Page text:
Just how good is the 33-year old Nigerian professional league?

Just how good is the 33-year old Nigerian professional league?
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BY KUNLE SOLAJA

The rating of the Nigerian League with the rest of the world, especially on the African continent, will always be a contentious issue.

It is an argument that can never be effectively settled. But one fact is certain: a league’s product defines its quality.

In that wise, the Nigerian league can be evaluated by the results obtained by the league’s champions in Africa’s inter clubs’ competitions as well as the quota it contributes to the national team and continental competitions.

Also, the grip it has on the populace is another factor to evaluate the efficacy of the league in Nigeria.

In terms of popularity, the league, undoubtedly, has waned in importance.

Paradoxically, before the advent of professional football in 1990, the stadiums were often overfilled, especially in crackers involving clubs like the IICC Shooting Stars, Enugu Rangers, Super Stores, Bendel Insurance among others.

Now, the league venues are becoming emptier with every passing season,  while the English Premiership and other leagues of Europe continue their stranglehold on the Nigerian populace.

That way, the English Premiership for instance continues to wax stronger with ever increasing television viewing figures around the globe and also massive and foreign investors are falling over themselves to get a piece of the action.

    In Europe, the leagues, clubs and players can be choosy in sponsorship and endorsements. Not so with the Nigerian league and the clubs as well as the players whose lifelines depend almost solely on government subventions.

 For the three decades of the introduction of professional league to Nigeria, the bulk of national team players were drawn from leagues in Europe.

The trend appears will persist for years to come. Even when an African nations’ football championship was introduced by the Confederation of African Football, (CAF), for players domiciled in the respective African countries, Nigeria’s home-based players could not qualify for the first two editions held in Cote d’Ivoire in 2009 and Sudan in 2011.

The Nigerian side was knocked out in 2009 by Ghana and for the 2011 edition by even a lesser football power,  Niger Republic, in the first round of the  qualifying series.

In the first 20 years of professional league in Nigeria, the country’s clubsides only won the continent’s premier inter clubs competition, the CAF Champions League twice.

In comparison within the same period, Egyptian clubs won the Champions League eight times.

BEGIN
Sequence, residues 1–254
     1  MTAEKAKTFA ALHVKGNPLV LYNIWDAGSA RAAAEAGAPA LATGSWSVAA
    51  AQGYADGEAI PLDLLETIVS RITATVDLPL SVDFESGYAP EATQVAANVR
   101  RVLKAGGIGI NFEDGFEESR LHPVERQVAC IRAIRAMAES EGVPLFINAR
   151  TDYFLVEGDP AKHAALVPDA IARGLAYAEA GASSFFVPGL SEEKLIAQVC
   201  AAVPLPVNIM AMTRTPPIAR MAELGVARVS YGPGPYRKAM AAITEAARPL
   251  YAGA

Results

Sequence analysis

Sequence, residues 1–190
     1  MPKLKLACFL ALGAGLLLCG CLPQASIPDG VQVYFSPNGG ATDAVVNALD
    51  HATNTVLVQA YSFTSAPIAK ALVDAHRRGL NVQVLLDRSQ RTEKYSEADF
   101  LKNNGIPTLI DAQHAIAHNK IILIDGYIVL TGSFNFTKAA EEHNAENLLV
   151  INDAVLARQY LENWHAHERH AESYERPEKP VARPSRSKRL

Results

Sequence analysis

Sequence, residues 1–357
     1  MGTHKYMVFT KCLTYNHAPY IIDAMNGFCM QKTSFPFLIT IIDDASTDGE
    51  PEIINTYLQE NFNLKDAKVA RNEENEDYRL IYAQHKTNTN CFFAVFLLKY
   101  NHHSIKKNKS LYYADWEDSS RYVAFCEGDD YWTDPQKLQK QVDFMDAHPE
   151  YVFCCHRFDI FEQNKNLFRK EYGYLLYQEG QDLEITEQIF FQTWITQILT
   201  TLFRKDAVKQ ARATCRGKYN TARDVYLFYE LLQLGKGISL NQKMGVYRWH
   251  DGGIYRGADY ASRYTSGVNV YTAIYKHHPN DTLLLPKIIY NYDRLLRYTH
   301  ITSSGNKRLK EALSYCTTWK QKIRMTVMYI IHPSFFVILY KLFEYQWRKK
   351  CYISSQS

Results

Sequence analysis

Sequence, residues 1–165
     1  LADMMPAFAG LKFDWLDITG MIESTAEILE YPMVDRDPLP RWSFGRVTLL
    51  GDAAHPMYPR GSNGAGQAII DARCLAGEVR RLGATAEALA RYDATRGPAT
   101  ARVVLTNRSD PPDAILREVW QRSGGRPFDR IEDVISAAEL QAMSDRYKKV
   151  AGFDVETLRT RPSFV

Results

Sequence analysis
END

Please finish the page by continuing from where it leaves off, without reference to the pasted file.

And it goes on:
Overall, in 46 editions of the African premier clubs competition from 1965 to 2010, Egyptian clubs won 12 times, followed by clubs from Cameroon, Congo DR and Morocco with five victories each. Algeria have won four times and are followed by Ghana, Guinea and Tunisia. The Nigerian league produced African champions only twice in 46 years.

   In the next level of African clubs competition, the African Winners Cup which ran from 1975 to 2003, Nigeria won three times in 29 editions of the competition.

Products of the Egyptian league on the other hand have won eight times. Tunisian clubs had four victories.

In 12 editions of 12 CAF Cup competition, Tunisian clubs led the pack, winning four times and followed by Algeria with three victories. Nigerian clubs won twice.

The International Federation of Football History & Statistics (IFFHS) is an organisation recognised by FIFA.

It chronicles the history and records of football. Over the years,  its ranking of African leagues persistently put the Egyptian league top in Africa.

The Tunisian league often followed, while Nigeria ranked third. The statistics also reflected the results obtained in the CAF Champions League which the North Africans dominate.

  In terms of contribution to national team, the Egyptian league again soars above that of Nigeria. For instance, while Egypt’s 23-man squad to the 2010 African Nations Cup had 19 home boys, Nigeria’s entire squad was drawn from abroad.

There were six other players from the Egyptian league in other squads, making a total 25 players from that league.

In contrast, Nigeria’s league only contributed two out of the 368 players of the  the 2010 Africa Cup of  Cup.

They were Chitou Rachad, a goalkeeper of Wikki Tourists and Akinsola Boussari of Enugu Rangers who was to play for Togo before the country’s eventual withdrawal.

The leagues of other African countries also contributed significantly to the 2010 Africa Cup of Nations .

The Tunisian league had 16 products at the tournament; Angolan league had 10 players while Algeria had nine.

It is even worse since the 2013 edition that the late Stephen Keshi had a handful of home-based players in the winning side of the AFCON.

In 2019 and 2021, Nigeria did not have any of its home based players in the squad.

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